Jennifer Ackerman of Cumberland lifts a 35-pound dumbbell during a morning class at CrossFit Yarmouth on Thursday. Derek Davis/Staff Photographer

Lifting weights in a parking lot at 5:30 a.m., the bar tends to be a bit chilly. So Jennifer Ackerman came prepared.

“You start out with gloves and usually take them off a couple minutes into it,” she said Thursday, a few hours after her early-morning workout at CrossFit Yarmouth.

Ackerman was one of five women in the class, which resumed last week after the state eased some restrictions originally included in Gov. Janet Mills’ March 18 executive order, which prohibited social gatherings of more than 10 people in order to help slow the spread of the coronavirus.

On May 8, the Mills administration announced adjustments to Stage 1 of its phased reopening plan that allowed fitness and exercise gyms – initially scheduled to be part of a Stage 2 reopening on June 1 – to hold indoor 1-on-1 training and outdoor classes of 10 or fewer clients beginning May 11.

“We’re back with a lot of adjustments,” said Ackerman, 43, of Cumberland. “We get our equipment out from the gym one at a time, bring it to our area and stay in our area so we can stay six feet apart and have plenty of space to work out.”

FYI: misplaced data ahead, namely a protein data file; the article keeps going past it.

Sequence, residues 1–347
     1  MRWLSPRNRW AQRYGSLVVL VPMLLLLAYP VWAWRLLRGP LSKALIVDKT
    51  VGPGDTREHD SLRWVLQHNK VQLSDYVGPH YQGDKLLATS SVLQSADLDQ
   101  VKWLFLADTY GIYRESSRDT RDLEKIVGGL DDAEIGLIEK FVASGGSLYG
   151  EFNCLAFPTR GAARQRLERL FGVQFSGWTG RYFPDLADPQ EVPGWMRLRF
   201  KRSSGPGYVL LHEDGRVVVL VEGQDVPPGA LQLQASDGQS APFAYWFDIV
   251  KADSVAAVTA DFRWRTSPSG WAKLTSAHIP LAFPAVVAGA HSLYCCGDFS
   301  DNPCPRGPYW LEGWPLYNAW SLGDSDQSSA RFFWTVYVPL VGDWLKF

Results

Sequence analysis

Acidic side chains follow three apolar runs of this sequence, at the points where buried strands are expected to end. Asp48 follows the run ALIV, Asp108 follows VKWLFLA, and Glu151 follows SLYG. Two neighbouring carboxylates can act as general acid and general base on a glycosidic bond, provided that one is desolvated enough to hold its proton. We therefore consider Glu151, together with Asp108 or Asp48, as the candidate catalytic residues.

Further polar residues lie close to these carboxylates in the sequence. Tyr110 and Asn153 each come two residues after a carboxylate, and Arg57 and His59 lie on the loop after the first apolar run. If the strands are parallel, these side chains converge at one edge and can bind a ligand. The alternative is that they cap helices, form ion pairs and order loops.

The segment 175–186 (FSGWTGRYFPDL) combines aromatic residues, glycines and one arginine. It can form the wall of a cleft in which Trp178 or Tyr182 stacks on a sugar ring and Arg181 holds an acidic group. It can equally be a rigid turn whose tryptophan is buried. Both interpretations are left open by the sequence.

The owners of CrossFit Yarmouth used spray paint to delineate 10-by-19-foot sections of the parking lot for each class member. Equipment is wiped down and sanitized before and after each class. Locker rooms are off-limits and the bathroom is only for emergencies.


“The owners are very mindful of the safety of all the members,” said Ackerman, whose husband attends an evening CrossFit class, “so I’m not worried that we’re going to be exposed. We’re outdoors and pretty spread apart, and we don’t share equipment.”

But when it comes to reopening gyms themselves, there are fundamental challenges associated with preventing the spread of disease within any enclosed space in which people are engaging in rigorous physical activity, according to some public health experts.

“Gyms and fitness centers are a major conundrum,” said Dr. Dora Anne Mills, chief health improvement officer for MaineHealth and the state’s former top health official along with being a sister of the governor. “When people have energetic exhalations – yelling, breathing out hard, breathing heavily, which you do when you’re in a gym – the droplets that are exuded go much farther than six feet. And if you’re contagious, those droplets can be loaded with virus.”

Carefully spaced, women take part in a morning workout at CrossFit Yarmouth, led by instructor Sara Casper, right. Derek Davis/Staff Photographer